The Male Priesthood: Culturally Conditioned?


In most discussions with proponents of a female priesthood there is invariably an argument that recurs quite often. This is usually inserted after it is pointed out that the Apostles were all men and that they only ordained men as replacements or additions to their priestly ranks. Then the familiar counter argument usually is made that sounds something like this: “Well, you must take into account the social and cultural conditions of the times because women were seen as little more than possessions. Also they were primarily Jews who only had a male priesthood but there is no reason to forbid women from the priestly ranks in our days.” And, of course, there is something to be said about the culture of the time in respect to modern Western European cultures which look much different to even the most undiscerning eye.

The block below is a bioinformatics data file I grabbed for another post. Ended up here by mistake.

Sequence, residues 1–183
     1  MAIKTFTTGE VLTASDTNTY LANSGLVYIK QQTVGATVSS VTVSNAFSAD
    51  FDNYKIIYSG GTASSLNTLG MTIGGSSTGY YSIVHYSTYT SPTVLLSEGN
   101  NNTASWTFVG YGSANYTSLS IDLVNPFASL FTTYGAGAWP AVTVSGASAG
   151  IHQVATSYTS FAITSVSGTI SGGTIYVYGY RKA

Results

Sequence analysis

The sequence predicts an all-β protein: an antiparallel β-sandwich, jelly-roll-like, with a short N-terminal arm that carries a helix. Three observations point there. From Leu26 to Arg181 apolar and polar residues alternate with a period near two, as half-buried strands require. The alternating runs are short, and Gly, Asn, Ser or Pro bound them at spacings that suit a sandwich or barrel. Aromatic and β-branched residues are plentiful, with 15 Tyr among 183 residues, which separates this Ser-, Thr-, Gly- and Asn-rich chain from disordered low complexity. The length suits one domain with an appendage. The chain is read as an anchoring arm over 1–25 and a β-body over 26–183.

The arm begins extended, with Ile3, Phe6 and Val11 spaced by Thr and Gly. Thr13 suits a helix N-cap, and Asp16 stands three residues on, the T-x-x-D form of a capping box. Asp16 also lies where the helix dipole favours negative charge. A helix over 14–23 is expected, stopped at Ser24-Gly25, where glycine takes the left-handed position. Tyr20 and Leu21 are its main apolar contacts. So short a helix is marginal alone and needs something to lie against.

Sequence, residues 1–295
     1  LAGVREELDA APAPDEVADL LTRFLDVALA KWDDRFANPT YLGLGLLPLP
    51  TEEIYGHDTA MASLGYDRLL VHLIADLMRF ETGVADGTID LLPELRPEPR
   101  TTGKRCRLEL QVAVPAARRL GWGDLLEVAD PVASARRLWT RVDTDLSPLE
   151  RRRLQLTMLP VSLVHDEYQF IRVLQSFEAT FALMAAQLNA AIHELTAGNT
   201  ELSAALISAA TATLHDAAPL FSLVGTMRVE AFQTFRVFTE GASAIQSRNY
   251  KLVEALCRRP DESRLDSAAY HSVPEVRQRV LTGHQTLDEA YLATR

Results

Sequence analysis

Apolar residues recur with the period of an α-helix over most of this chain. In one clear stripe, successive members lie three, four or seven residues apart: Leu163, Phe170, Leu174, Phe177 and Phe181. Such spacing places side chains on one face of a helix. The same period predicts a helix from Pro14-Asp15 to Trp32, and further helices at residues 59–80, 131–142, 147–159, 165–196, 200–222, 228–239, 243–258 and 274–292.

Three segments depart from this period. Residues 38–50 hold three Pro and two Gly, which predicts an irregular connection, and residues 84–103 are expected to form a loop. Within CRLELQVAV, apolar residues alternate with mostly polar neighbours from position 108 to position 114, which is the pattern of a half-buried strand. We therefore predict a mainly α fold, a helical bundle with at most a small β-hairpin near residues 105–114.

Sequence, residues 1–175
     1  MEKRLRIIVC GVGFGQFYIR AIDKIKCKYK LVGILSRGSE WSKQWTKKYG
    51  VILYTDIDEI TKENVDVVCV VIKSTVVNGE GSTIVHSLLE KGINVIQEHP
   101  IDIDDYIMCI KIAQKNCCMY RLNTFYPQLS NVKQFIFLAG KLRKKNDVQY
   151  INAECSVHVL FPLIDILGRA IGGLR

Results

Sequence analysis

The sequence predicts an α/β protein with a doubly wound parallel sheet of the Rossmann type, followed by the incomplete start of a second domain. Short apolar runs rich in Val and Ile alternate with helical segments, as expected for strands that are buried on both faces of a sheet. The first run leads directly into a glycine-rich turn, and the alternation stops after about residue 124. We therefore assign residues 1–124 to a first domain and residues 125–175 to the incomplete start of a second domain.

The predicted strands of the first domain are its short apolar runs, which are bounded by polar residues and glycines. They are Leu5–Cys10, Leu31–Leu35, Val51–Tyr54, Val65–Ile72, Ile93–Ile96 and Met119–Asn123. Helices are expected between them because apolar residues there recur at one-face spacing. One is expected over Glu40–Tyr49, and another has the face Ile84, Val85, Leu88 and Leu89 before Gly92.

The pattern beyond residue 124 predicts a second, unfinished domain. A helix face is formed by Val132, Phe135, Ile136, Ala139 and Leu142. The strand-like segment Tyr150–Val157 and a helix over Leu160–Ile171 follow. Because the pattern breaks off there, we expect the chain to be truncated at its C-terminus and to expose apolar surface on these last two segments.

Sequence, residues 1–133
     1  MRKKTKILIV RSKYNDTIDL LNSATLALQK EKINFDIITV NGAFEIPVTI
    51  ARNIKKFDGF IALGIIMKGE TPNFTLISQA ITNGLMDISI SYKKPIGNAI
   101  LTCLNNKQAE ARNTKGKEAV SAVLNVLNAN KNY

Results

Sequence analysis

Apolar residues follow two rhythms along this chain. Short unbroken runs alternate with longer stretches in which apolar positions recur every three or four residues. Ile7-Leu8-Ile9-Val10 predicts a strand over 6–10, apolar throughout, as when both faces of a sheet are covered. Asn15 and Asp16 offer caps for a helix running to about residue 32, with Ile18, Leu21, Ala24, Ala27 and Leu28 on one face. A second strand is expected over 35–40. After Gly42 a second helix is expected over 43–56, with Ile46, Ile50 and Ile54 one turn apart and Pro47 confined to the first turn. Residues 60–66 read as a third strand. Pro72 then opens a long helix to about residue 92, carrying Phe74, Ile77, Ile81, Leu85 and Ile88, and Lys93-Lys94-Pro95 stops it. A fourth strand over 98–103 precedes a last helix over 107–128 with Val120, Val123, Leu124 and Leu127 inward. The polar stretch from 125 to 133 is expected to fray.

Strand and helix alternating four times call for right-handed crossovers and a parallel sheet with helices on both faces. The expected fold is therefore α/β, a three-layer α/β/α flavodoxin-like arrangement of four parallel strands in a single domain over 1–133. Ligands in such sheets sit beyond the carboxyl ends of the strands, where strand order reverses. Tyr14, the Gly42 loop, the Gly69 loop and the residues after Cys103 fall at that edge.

However, I have a hunch that Christ, Who came to do His Father’s Will, would not have let cultural standards of the day stand in His way. Christ was seen as a revolutionary who defied many cultural norms: He went against Moses and his writ of divorce, He allowed His disciples to pick wheat on the Sabbath, He healed on the Sabbath, He said that we must drink His Blood and eat His Flesh (which violated the prohibitions of Leviticus concerning blood as well as hinted at cannibalism), His Apostles would go on to loose the requirement of circumcision of men, He dined with sinners and spoke to women adulteresses and pagan Samaritans when it was culturally forbidden. So Christ would have been either frightened of the people, though he stood his ground with the sadducees and the pharisees, or was sensitive to the scandal that He might cause and left it for a more enlightened time to lift the male only priesthood requirements on His Apostles. I find it hard to accept that Christ, who would suffer and die, to do His Father’s Will would be frightened or fear causing scandal among His disciples. After all, after his insistence on eating His Body and drinking His Blood in John 6, He allowed many of His disciples to leave and He did not call them back or explain that it was just ‘symbolic’ language. He simply let them depart to walk with Him no more.